‘Solemn joy’ for climbers
1:55 pm June 12th, 2014
Mark Mahaney took this picture of himself on Mount Rainier, according to his family, who made it available to the news media after Mahaney and five other people in his climbing party died in an accident on the mountain.
By Pat Jenkins
The bodies of six climbers who were killed in an avalanche on Mount Rainier last month may never be recovered, but their families say they’ll never be forgotten.
In the days following the first reports of the deaths, relatives and associates of the climbers confirmed their identities and issued statements memorializing them. In one of the statements, the wife, parents and other kin of Mark Mahaney, 26, said in an e-mail to the news media that they “take solemn joy in knowing Mark was participating in his true passion in life – climbing.”
Similar statements were made about the other climbers who perished on or about May 29. That was the date that the climbing party radioed that they were turning back from their attempt to reach the summit. They weren’t heard from again, and searchers discovered some of the climbers’ gear strewn along the mountainside amid evidence of an avalanche.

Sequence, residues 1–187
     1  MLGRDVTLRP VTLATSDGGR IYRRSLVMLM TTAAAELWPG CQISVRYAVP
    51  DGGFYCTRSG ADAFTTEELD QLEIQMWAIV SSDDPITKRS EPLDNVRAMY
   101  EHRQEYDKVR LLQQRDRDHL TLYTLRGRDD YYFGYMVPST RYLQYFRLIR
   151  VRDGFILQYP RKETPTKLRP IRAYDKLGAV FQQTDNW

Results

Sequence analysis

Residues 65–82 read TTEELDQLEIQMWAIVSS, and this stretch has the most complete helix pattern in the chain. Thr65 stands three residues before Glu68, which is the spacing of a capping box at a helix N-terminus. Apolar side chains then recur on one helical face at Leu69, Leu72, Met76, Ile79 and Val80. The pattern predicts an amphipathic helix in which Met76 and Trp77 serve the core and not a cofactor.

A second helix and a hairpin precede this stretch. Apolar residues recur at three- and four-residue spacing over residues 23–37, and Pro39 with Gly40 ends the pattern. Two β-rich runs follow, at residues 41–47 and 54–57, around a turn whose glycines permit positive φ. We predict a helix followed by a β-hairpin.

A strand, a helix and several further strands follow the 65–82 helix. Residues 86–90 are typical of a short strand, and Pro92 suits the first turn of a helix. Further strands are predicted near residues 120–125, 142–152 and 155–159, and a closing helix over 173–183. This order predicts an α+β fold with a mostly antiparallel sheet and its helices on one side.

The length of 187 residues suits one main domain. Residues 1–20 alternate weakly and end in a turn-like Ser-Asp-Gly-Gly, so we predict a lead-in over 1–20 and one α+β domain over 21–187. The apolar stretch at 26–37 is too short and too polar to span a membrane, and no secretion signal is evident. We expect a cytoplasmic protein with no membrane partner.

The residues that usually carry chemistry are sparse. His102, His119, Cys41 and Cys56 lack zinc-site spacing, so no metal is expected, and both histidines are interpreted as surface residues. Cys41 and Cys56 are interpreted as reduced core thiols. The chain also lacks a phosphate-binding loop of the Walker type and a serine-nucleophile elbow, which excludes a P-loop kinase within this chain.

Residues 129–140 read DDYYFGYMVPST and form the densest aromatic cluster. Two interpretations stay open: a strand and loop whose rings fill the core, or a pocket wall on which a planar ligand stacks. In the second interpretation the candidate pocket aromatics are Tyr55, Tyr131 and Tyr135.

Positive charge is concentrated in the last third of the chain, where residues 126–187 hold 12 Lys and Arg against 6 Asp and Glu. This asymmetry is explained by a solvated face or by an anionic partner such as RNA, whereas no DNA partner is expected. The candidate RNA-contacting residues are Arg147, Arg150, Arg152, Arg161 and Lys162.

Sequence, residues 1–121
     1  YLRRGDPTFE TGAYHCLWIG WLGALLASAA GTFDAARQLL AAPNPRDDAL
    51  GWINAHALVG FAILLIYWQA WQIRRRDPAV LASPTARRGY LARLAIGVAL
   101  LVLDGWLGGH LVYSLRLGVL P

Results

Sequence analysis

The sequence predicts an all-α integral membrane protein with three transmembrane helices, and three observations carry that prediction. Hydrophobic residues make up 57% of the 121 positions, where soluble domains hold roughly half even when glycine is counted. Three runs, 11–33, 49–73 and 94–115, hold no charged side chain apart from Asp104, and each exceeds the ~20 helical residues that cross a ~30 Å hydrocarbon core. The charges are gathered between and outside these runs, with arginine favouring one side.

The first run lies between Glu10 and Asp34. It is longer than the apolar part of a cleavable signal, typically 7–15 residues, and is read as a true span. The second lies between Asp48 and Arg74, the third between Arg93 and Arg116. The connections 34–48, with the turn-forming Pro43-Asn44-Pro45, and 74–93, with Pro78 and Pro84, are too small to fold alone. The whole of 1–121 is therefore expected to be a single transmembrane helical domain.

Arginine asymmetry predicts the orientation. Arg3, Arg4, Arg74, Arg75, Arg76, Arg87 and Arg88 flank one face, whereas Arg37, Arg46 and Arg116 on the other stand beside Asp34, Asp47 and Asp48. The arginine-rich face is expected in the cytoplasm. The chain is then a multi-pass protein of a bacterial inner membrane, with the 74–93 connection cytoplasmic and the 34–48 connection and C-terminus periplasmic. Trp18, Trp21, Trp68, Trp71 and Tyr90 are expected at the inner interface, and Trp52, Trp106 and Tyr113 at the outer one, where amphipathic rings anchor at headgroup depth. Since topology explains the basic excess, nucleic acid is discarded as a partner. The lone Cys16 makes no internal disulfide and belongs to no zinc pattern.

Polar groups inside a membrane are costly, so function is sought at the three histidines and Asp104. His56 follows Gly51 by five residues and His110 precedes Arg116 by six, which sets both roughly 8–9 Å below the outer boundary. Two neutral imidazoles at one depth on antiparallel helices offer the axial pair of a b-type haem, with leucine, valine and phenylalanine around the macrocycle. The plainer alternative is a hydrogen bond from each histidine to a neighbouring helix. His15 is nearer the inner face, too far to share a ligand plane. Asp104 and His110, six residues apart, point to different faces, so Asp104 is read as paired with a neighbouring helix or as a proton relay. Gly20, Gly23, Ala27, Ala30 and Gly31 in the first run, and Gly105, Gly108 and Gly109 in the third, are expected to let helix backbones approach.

Along with Mahaney, who was from St. Paul, Minn., the climbers were Uday Marty, an Intel Corp. executive for the company in southeast Asia, John Mulally of Seattle, Erik Kolb of Brooklyn, N.Y., and two guides from Alpine Ascent International – Matthew Hageman and Eitan Green.
Danger from potential rockfalls and icefalls stymied any hope of recovering the climbers’ bodies by digging through ice and snow. Officials of Mount Rainier National Park said removing the bodies may be impossible, but as snow melts, “the site will be checked periodically by aircraft” in case recoveries of bodies by helicopter are possible.
The death toll exceeds the five deaths of climbers and other visitors that occurred in the park in accidents in 2012. The climber-related casualties included Nick Hall, a park ranger who fell to his death during a rescue of injured, stranded climbers who survived.
The latest fatalities represent the second-highest toll in a single climbing mishap in the mountain’s recorded history of climbing. Eleven people died in 1980 in an icefall on Ingraham Glacier.
Since 1897, 89 climbers have lost their lives on Mount Rainier.
Officials believe the climbers killed last month were swept more than 3,000 feet down the face of the mountain.
They were on the Liberty Ridge climbing route, which is considered technically difficult and particularly dangerous because it’s prone to avalanches and rockfalls.
“This accident represents a horrific loss for our guide partners and the families and loved ones of every one of the climbers lost on the mountain,” said park superintendent Randy King.